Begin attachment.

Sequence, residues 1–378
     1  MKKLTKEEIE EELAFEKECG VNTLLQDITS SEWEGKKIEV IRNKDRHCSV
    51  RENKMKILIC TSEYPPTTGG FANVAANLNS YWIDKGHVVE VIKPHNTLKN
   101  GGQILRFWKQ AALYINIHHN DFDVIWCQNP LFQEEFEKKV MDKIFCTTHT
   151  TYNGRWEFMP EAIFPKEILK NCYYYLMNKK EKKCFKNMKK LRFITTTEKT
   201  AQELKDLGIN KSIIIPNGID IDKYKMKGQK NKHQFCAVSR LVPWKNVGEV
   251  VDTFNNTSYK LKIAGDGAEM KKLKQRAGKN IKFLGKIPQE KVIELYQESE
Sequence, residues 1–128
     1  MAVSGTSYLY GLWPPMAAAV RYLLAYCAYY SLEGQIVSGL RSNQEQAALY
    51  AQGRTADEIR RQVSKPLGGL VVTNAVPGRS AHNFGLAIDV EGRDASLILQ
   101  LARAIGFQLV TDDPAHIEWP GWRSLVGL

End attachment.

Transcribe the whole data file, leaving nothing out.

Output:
Sequence, residues 1–378
     1  MKKLTKEEIE EELAFEKECG VNTLLQDITS SEWEGKKIEV IRNKDRHCSV
    51  RENKMKILIC TSEYPPTTGG FANVAANLNS YWIDKGHVVE VIKPHNTLKN
   101  GGQILRFWKQ AALYINIHHN DFDVIWCQNP LFQEEFEKKV MDKIFCTTHT
   151  TYNGRWEFMP EAIFPKEILK NCYYYLMNKK EKKCFKNMKK LRFITTTEKT
   201  AQELKDLGIN KSIIIPNGID IDKYKMKGQK NKHQFCAVSR LVPWKNVGEV
   251  VDTFNNTSYK LKIAGDGAEM KKLKQRAGKN IKFLGKIPQE KVIELYQESE
Sequence, residues 1–128
     1  MAVSGTSYLY GLWPPMAAAV RYLLAYCAYY SLEGQIVSGL RSNQEQAALY
    51  AQGRTADEIR RQVSKPLGGL VVTNAVPGRS AHNFGLAIDV EGRDASLILQ
   101  LARAIGFQLV TDDPAHIEWP GWRSLVGL